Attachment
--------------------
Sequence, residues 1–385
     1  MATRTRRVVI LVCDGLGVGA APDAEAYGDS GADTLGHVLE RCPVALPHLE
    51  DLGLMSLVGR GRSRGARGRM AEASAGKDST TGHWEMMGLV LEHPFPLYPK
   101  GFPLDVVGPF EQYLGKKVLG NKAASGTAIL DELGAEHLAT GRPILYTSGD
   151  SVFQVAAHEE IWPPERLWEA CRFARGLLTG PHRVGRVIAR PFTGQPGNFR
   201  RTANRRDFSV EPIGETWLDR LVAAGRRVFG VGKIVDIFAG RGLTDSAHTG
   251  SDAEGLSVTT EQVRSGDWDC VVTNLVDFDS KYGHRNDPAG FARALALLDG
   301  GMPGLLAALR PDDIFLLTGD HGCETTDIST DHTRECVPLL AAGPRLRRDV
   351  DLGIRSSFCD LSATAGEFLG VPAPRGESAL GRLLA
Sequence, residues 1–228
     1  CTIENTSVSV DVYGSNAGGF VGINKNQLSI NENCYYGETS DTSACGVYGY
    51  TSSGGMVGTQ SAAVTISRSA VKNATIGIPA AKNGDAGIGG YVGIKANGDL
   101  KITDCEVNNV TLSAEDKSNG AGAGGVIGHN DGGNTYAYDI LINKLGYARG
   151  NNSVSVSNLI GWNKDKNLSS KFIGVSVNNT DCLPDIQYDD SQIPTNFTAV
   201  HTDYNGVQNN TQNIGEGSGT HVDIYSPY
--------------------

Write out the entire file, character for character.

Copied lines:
Sequence, residues 1–385
     1  MATRTRRVVI LVCDGLGVGA APDAEAYGDS GADTLGHVLE RCPVALPHLE
    51  DLGLMSLVGR GRSRGARGRM AEASAGKDST TGHWEMMGLV LEHPFPLYPK
   101  GFPLDVVGPF EQYLGKKVLG NKAASGTAIL DELGAEHLAT GRPILYTSGD
   151  SVFQVAAHEE IWPPERLWEA CRFARGLLTG PHRVGRVIAR PFTGQPGNFR
   201  RTANRRDFSV EPIGETWLDR LVAAGRRVFG VGKIVDIFAG RGLTDSAHTG
   251  SDAEGLSVTT EQVRSGDWDC VVTNLVDFDS KYGHRNDPAG FARALALLDG
   301  GMPGLLAALR PDDIFLLTGD HGCETTDIST DHTRECVPLL AAGPRLRRDV
   351  DLGIRSSFCD LSATAGEFLG VPAPRGESAL GRLLA
Sequence, residues 1–228
     1  CTIENTSVSV DVYGSNAGGF VGINKNQLSI NENCYYGETS DTSACGVYGY
    51  TSSGGMVGTQ SAAVTISRSA VKNATIGIPA AKNGDAGIGG YVGIKANGDL
   101  KITDCEVNNV TLSAEDKSNG AGAGGVIGHN DGGNTYAYDI LINKLGYARG
   151  NNSVSVSNLI GWNKDKNLSS KFIGVSVNNT DCLPDIQYDD SQIPTNFTAV
   201  HTDYNGVQNN TQNIGEGSGT HVDIYSPY